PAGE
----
marinelife's avatar

Yes, definitely.

glacial's avatar

@syz Haha! Exactly.

jordym84's avatar

When I say references, I don’t mean previous managers/supervisors. For instance, I included all of my old supervisors’ names and contact information in the work history section for each of my previous jobs. But then, a few clicks later, I came across a references page asking for more names and contact information (I put down one of my good friends’ mom’s names she’s an elementary school teacher and knows me well and I know she would give an honest and unbiased recommendation and 2 of my old college professors who know me well academically, professionally and, to a certain extent, personally). A lot of the applications I’ve completed recently ask for both my old managers’ names and contacts as well as 3 more personal/professional references, so I’m wondering if it’s just a formality or if they actually take the time to contact all these people…

Pied_Pfeffer's avatar

(US here.) As a person who used to hire employees, yes, I conducted reference checks. It was required by the company. My process was to review applications and resumes, conduct a telephone interview, and then bring in the final candidates for a personal interview.

Once the list of candidates was down to one to three, reference checks would be conducted. The same list of questions were used for each candidate and within the law. The minimum was three.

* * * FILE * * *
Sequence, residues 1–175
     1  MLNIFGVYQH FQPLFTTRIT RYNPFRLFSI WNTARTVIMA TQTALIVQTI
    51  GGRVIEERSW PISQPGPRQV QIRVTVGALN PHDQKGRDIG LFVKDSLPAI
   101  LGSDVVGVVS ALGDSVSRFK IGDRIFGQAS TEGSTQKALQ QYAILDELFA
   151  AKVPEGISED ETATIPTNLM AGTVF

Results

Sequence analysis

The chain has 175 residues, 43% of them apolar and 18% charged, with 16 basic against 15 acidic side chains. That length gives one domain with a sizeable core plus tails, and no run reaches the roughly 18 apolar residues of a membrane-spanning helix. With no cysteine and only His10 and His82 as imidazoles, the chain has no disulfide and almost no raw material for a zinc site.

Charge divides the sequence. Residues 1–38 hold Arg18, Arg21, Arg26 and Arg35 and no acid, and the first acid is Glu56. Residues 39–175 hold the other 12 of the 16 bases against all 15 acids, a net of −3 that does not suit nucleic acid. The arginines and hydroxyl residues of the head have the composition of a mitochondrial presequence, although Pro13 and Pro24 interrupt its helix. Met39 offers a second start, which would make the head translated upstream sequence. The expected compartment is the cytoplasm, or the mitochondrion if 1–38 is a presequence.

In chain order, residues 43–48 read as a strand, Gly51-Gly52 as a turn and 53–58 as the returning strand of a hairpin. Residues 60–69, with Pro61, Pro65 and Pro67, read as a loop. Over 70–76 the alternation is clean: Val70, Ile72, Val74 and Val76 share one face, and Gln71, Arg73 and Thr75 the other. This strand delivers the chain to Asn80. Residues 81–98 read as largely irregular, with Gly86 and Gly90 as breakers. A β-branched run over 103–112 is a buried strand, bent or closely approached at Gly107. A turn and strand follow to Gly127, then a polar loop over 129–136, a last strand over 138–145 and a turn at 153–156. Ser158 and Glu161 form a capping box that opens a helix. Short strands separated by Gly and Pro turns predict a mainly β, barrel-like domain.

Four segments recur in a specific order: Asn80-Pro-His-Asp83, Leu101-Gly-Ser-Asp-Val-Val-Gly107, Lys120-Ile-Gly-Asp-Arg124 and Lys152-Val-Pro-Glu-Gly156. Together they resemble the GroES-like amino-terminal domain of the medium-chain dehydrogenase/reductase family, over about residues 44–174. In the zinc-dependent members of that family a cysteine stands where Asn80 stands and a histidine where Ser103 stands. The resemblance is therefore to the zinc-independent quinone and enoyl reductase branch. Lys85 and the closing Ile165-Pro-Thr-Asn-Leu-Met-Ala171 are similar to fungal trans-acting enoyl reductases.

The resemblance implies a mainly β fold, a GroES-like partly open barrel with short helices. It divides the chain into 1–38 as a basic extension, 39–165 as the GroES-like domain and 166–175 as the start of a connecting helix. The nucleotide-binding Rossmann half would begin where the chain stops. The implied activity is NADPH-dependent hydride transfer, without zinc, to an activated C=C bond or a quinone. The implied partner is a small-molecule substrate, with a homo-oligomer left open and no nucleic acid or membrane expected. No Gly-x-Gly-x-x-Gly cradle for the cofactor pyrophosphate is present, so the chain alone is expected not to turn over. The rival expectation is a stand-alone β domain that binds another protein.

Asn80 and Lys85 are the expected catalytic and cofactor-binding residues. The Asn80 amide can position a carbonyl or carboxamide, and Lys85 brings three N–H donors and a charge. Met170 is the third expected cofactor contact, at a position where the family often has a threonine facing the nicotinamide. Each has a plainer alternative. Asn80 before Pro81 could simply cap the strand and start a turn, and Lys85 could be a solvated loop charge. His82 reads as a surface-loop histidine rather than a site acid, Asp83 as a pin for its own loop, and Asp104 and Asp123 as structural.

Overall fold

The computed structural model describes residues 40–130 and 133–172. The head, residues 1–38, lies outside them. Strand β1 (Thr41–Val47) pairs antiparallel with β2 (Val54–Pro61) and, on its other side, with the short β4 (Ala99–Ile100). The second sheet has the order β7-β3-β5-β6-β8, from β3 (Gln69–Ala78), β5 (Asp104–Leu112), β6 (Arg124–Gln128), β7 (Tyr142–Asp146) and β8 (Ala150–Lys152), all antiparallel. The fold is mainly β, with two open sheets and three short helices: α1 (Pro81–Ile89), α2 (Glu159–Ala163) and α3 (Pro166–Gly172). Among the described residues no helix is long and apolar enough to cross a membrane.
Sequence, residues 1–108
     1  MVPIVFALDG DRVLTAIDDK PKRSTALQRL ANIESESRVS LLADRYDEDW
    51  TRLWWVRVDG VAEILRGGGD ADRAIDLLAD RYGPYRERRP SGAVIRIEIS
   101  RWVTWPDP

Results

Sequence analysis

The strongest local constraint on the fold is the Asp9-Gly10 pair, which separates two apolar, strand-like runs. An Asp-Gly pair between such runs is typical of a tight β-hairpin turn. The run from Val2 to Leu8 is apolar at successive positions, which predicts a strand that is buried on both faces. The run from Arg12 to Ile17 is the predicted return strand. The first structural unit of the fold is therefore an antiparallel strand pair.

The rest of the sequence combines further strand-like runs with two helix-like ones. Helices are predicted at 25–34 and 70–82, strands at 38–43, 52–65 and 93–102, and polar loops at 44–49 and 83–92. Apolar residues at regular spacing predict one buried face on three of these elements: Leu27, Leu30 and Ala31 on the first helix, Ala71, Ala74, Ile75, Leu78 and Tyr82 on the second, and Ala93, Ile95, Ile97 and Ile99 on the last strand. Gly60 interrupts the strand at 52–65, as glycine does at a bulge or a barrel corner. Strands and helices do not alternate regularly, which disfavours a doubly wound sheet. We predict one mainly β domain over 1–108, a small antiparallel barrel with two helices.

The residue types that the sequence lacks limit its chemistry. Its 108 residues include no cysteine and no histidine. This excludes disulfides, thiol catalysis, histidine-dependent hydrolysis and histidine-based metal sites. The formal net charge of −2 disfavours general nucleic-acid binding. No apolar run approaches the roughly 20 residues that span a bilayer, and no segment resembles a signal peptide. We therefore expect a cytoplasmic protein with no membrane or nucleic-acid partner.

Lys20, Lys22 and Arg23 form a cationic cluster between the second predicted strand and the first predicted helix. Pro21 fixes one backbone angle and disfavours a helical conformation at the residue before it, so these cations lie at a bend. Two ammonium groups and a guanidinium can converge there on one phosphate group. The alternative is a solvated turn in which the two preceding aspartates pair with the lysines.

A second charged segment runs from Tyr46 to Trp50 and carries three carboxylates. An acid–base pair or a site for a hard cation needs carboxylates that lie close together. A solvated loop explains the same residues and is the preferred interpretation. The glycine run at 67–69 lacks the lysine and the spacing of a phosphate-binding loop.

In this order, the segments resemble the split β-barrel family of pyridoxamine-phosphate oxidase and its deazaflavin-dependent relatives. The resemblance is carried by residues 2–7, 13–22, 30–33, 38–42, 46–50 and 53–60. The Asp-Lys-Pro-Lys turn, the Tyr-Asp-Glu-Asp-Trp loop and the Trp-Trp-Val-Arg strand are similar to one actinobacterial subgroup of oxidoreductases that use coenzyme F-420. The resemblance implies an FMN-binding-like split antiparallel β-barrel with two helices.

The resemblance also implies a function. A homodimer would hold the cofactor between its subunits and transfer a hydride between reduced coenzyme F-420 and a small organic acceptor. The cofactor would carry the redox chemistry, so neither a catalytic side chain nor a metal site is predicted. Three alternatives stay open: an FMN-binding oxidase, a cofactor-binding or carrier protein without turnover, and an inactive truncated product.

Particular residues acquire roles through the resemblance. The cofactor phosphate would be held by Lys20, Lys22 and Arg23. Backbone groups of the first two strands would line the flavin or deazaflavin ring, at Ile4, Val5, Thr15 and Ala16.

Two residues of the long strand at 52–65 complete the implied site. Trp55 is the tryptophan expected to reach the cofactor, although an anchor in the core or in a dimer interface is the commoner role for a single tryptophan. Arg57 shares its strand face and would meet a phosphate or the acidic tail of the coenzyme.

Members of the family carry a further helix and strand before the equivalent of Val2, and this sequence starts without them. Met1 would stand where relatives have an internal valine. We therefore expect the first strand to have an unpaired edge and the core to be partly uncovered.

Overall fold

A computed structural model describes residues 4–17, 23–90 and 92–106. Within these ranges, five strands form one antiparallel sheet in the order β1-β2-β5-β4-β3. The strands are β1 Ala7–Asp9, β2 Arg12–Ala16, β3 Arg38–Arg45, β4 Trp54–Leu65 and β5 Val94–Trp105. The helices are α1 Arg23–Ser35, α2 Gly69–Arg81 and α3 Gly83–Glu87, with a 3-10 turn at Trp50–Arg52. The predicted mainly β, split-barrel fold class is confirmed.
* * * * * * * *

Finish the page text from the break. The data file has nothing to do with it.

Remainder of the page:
I never called anyone listed as a personal reference; only those that were listed as previous employers. Despite the US laws, it’s amazing what information a former supervisor will share, and as @syz points out, what they convey by tone of voice.

The company I worked for didn’t allow us to be a reference for employees. There was an 800 number we were to give out that directed the inquirer to an HR record-keeping hotline. However, if it was an internal candidate, there was a little more leeway.

As for questions asked, they included the standard “Can you confirm dates of employment?”, “Would you rehire this person?”, etc. Most were based upon work performance. What any objective information a hiring manager expects to get from a personal reference is beyond me.

glacial's avatar

@jordym84 Oh! No, I can’t imagine anyone calls those.

jordym84's avatar

@Pied_Pfeffer I thought as much. If they won’t contact personal references, then why even bother asking for them? I had to contact all these people prior to listing them as references to get the okay from them, which means they had to take time away from their busy schedules to read and then respond to my email, and now they will be expecting a call from the hiring managers. Why not just do away with this section of the application? Wouldn’t it make everyone’s lives easier? Just wondering…

Pied_Pfeffer's avatar

@jordym84 I have no idea why a company would require personal references. Our company didn’t ask for them, but they were sometimes supplied on resumes.

glacial's avatar

^ Same here. Maybe they got tired of people calling to find out how to include personal references if that was all they had. Maybe it’s just part of the “complete the application” test… you’d be surprised how many people can’t accomplish that with entry-level jobs. But you’ll find it on fewer and fewer applications as you move forward.